If a function housed on a server is needed, the parsed command is sent through the transmission module 36 to the server flow control module 37. Like the client, the server flow control module 37 references a map 38 which indexes functions to the corresponding server function modules 39. The flow control module 37 passes the parsed command for processing to the appropriate module 39 and returns control to the client upon completion.

The flowchart 40 depicted in FIG. 3 illustrates the process performed by the scanner/parser 32 and the flow control module 33, which are sometimes collectively referred to as the test engine or the manager. In this embodiment, these two components 32, 33 are integrated into a single module in a computer system. Alternatively, however, each of these components could be encapsulated into separate modules. At step 41, the command is received by opening the script file 31. However, one with ordinary skill in the art will readily appreciate that commands can be received through a variety of other mechanisms.

Preferably, the script 31 is a text file which contains one or more commands or function calls. In this embodiment, each function call in the script 31 is represented according to a series of rules shown in the following modified BNF format.

Script-Function::=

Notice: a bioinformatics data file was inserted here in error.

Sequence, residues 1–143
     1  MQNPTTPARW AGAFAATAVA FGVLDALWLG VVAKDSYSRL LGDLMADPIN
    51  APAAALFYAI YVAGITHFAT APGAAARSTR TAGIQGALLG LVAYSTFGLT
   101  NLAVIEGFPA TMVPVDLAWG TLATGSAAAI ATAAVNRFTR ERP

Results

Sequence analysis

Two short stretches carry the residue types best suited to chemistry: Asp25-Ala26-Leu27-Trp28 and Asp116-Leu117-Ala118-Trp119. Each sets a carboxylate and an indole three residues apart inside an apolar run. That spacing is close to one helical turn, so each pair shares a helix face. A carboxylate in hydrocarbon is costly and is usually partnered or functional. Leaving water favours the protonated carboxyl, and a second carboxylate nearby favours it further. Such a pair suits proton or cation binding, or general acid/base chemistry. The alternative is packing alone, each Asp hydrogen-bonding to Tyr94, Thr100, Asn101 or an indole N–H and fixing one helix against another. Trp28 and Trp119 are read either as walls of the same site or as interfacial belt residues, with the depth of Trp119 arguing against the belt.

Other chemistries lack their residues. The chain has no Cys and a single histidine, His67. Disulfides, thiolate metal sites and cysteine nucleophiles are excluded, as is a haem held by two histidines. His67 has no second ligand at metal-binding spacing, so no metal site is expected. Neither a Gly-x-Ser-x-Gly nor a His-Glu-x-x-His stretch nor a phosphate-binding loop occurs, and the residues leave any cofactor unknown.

Function-Name(Parameter-Set);

Function-Name::=

Alpha-numeric string up to 32 bytes.

Parameter-Set::=

Parameter-Tag=Parameter-Value-Set; [Parameter-Set]

Parameter-Tag::=

Alpha-numeric string up to 32 bytes.

Parameter-Value-Set::=

[{] String-Value [, Parameter-Value-Set] [}]

String-Value::=

Alpha-numeric string—no size limit

In simple terms, the function call comprises three principle components: a Function-Name, zero or more Parameter-Tags, and a Value-Set corresponding to each Parameter-Tag. Preferably, these values will be defined by a separate test module writer. By providing these syntax rules for the script 31, the system 30 is generic so it can be used to implement a variety of different programs and functions.

The following script command, which comprises a single function call, illustrates the use of the foregoing rules:

Add-Object(Object-Name=“CN=Joe.O=Novell”;

Attribute={“Object Class”, “User”};

Attribute={“Surname”, “Brown”};

HostSrvr=“Server-One”;

ExpResult=“OK”;);

The Function-Name is Add-Object, the Parameter-Tags are Object-Name, Attribute, Attribute, HostSrvr and ExpResult, and the Value-Sets follow each of the Parameter-Tags. The function name corresponds to a function in a function module (e.g. a DLL, an NLM, etc.), a stand alone executable file, or the like. A variety of demarcations are used to separate the various components of the function call. For instance, the parameter list begins with an open parenthesis “(” and, ends with a closed parenthesis “)”, and may contain zero or more parameter tags. The parameter values are placed to the right of the assign symbol “32 ” and may comprise one or more elements separated by commas. Each value set is associated with the Parameter-Tag preceding it. This sample command is a call to the function Add-Object, which requests the addition of the object CN=Joe.O=Novell to the distributed directory. The function call also enters the value “user” to the attribute “Object Class” and the value “Brown” to the attribute “Surname”. The function call will effect the change through Server-One, and the expected result is OK.